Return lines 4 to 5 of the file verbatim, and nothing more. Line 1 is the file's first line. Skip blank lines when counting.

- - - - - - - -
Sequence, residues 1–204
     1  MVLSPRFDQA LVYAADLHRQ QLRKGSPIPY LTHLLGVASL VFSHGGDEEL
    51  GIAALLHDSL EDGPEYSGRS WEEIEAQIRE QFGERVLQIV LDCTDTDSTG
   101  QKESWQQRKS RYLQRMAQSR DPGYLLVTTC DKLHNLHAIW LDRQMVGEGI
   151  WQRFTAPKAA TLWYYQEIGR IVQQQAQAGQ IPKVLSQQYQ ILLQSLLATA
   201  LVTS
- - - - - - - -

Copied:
   101  QKESWQQRKS RYLQRMAQSR DPGYLLVTTC DKLHNLHAIW LDRQMVGEGI
   151  WQRFTAPKAA TLWYYQEIGR IVQQQAQAGQ IPKVLSQQYQ ILLQSLLATA